- Those who thought pirated e-books hurt the sales of the author's books and cut down revenue
- Those who predicted that pirated e-books would actually act as advertisements and would lead to a revenue lift.
One poster on the blog raised the phenomenon of suggested donations, but a suggested donation system is a scenario where the author makes the book free and asks for a donation. That's a floating discount, not piracy.
All of which brings me to this: prove it. I'm a businessman, so I'm easy to talk to about these things. Show me a business case. The poster at Stacey Jay's blog answered this request with:
OK GO, Family Guy, Justin Bieber, South Park. Schmoyo (the autotune the news guys) I could cherry pick examples of people made wealthy and famous by internet file sharing all day, but then so could someone arguing the counterpoint. There are plenty of examples of both, so to say that all piracy is bad and all piracy is done with rosy hearted intentions is intellectually disingenuous.
Are there plenty? All of that paragraph is interesting but it's anecdotal, and also it's not about books. Here's what I want-- pick a case of e-book piracy and send me a spreadsheet that shows that the piracy grew revenue. Pick something major and pirated, like Mockingjay, but to do this you're going to need real numbers. I want to see a success in the field. Since piracy has been going on for awhile, the example showing the value of piracy should be out there. Stacey Jay says that low sales due to piracy actually killed a book for her, so I guess that's not the example we're looking for. To win this, you need a case where piracy helps. Pro-piracy proponents insist that this will be readily available.
Key to the business case will, I suppose, be the percentage of readers downloading a pirated copy and deciding to purchase a book. What would that percentage be that would purchase the actual downloaded pirated book? Probably less than 1%, but we might also have a line for the percentage who downloaded a pirated copy and then decided to purchase another book by the same author. What percentage would that be? I'm guessing-- rather liberally-- maybe as high as 1.5%, but bring me the proof to show me different. In theory, if 1.5% of 100,000 people who stole a book buy a second book because of this for $10, that's $15K for the vendor, which (assuming she has two books with a total costs of $150K, a completely made-up number intended to bring in salaries, etc.) means a negative NPV for our piracy program so far. Your piracy program so far is $135K in the hole, so if it were up to me, I'd cancel the piracy initiative and go back to selling books without the benefit of piracy.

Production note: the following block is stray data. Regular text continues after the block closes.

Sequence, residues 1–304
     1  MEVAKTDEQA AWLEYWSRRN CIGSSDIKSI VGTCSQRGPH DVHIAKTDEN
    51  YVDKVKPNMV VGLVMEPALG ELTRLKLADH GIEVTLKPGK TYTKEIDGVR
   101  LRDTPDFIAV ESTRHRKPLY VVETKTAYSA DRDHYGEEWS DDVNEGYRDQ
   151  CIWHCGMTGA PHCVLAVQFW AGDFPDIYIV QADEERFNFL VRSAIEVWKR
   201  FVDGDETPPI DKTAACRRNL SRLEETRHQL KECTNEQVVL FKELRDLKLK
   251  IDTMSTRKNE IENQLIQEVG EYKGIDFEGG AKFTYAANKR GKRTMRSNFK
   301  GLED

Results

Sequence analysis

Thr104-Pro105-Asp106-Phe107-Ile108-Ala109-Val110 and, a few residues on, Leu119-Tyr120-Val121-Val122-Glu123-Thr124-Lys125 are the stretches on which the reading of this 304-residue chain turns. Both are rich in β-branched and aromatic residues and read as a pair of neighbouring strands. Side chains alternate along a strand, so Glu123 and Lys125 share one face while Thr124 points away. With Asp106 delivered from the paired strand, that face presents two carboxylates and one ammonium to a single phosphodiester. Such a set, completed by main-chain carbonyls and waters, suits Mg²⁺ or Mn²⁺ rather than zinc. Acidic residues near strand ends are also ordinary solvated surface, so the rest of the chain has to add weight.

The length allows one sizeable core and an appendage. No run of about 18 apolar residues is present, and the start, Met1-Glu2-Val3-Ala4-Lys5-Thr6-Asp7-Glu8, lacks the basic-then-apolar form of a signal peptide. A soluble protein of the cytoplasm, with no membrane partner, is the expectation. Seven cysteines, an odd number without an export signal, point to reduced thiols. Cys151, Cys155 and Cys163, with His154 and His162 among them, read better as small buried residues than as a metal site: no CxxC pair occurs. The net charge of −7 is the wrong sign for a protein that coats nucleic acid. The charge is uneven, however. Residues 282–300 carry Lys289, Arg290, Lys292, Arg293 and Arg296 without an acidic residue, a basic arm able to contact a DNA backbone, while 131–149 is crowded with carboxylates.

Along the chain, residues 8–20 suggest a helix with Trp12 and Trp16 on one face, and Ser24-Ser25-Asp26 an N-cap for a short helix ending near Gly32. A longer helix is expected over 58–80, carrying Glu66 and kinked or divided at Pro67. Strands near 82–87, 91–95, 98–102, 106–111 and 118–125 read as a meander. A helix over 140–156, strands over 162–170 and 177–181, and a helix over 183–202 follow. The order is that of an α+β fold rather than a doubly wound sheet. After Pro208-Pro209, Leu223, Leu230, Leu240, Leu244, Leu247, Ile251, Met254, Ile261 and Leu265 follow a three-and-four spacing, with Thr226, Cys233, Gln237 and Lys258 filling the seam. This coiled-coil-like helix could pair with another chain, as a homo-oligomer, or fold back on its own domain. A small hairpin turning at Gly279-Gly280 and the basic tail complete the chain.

But wait, you say. $150K as a cost for two books was way too expensive. You should be able to publish a book online for practically free. Okay, make it free. So now I spent nothing and made 15K, but I can do better in the current environment where I have a time-limited government-issued monopoly on my work. At 15K, I go back to slinging hash, and the only people who can afford to create work will be the very wealthy. So long, democratization of thought.
But if my data is wrong, bring me the right data. The way people talk this scenario up, there should be plenty of data showing the value of promoting piracy. Because this might sound anecdotal and swell to you, but I actually pay bills through the benefit of copyright. It works for me. It's a system that works well, that allowed Stephen King to end his own poverty by selling Carrie.
If someone can show me a two-year business case with a positive net present value for piracy, I'll send them an Alex Van Helsing ARC (reader copy.) It won't even be pirated.